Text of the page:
Windows 8, from an iPad user's view

Too many gestures spoil the soup

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In fact, those same users are probably going to get confused when it comes to navigating the file system from both the new touch-based perspective and the traditional desktop interface. Even I had trouble keeping track of the differences being demonstrated during the demo, and I spend my life immersed in technology.

Then there's the opposite problem -- the traditional Windows desktop and existing applications in a touch-only environment. Microsoft has been pitching that paradigm for a decade, and it has never caught on or worked well. Now, not only will you need to revert back to it for some tasks, but it will be a jarring transition to switch from one to the other.

That's a big issue. It's the reason why Apple didn't try to shove any part of the Mac interface into the iPad or its apps. In fact, the same could be said about Android, webOS and RIM's PlayBook. They all have a specific UI design for touch, and they only support touch-centric and touch-oriented apps.

And that brings me to the real big problem with Windows 8: Microsoft has plenty of really great and innovative ideas here, but it's trying to push them, plus backward compatibility, together. The result is a mishmash of tablet/touch concepts combined with desktop computing needs that will result in a product that doesn't really excel at either.

Quite frankly, that's a real shame.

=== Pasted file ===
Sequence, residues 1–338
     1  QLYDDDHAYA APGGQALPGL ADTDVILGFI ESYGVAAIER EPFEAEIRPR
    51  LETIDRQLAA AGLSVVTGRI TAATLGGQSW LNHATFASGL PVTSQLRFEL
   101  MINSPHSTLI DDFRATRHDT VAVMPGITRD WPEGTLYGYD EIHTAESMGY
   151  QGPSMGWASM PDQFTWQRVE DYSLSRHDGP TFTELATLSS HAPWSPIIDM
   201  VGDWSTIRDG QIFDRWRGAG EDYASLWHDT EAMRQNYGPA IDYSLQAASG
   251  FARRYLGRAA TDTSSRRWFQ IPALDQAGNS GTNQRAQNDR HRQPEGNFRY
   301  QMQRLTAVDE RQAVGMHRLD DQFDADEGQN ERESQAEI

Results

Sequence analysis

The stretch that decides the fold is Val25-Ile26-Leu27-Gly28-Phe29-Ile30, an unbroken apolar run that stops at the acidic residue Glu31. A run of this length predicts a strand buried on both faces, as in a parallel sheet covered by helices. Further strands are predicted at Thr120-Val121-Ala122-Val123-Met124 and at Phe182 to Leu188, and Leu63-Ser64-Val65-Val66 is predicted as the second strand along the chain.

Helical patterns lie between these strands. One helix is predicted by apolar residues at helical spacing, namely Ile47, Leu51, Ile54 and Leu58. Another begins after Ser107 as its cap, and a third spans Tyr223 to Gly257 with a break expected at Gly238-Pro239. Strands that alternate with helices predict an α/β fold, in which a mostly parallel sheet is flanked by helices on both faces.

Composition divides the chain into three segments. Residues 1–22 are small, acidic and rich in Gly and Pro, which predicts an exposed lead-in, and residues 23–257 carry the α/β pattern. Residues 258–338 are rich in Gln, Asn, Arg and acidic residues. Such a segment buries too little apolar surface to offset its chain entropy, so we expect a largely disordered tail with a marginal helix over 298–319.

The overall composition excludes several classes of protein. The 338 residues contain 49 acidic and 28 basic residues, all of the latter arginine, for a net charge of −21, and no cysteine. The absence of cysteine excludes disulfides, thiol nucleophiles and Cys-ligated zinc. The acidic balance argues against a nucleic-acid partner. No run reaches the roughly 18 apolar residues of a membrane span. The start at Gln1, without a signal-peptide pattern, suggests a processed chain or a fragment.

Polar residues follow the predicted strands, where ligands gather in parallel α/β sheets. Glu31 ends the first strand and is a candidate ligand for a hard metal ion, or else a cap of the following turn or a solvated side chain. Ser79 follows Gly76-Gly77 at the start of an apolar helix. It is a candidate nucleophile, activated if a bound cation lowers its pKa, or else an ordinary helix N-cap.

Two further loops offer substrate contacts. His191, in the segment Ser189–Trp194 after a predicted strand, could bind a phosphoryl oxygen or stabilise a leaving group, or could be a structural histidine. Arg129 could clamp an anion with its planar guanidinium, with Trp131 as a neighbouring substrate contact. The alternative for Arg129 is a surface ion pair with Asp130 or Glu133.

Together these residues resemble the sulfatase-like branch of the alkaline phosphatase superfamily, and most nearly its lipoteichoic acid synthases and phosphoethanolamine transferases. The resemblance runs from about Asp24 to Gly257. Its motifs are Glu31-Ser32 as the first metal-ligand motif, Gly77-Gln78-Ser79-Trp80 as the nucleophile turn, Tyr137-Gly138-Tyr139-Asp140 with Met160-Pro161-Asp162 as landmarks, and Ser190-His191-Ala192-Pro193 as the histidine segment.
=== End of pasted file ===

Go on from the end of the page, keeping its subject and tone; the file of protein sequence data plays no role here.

What Microsoft should do

Some people may argue that I'm bashing Microsoft and saying it should have acted like Apple. They'd be wrong. I think the new touch interface is innovative, powerful, unique and packed with potential -- but as a tablet OS, not as a tablet/desktop combo OS. A better strategy wouldn't have been to mimic Apple. Microsoft should be developing three flavors of Windows 8 based around what it's created:

  • One version similar to Windows 7, but with support for running new HTML5-based apps while still offering the core desktop experience -- taskbar, Windows Explorer, and a version of IE that isn't touch-specific.
  • One based solely around the new touch interface for tablets that eliminates the desktop while offering a way for developers to port existing apps to a more touch-based experience.
  • And one similar to what it has chosen to do for touch-first and hybrid devices.

There is actually a precedent in Apple's playbook for a similar transition, but it's much older than the iPad: the transition from Mac OS 9 to Mac OS X. That's where Apple allowed older apps to run if needed but encouraged developers to move to a variation that ran native in both OSs, with an eventual move toward Mac OS X-only apps.

Of course, this is ultimately a lesson in slowly but surely ending backward compatibility and moving forward -- something that has long been an Achilles' heel for Windows.

Ryan Faas is a freelance writer and technology consultant specializing in Mac and multiplatform network issues. He has been a Computerworld columnist since 2003 and is a frequent contributor to Faas is also the author of iPhone for Work (Apress, 2009). You can find out more about him at and follow him on Twitter (@ryanfaas).

Copyright © 2011 IDG Communications, Inc.

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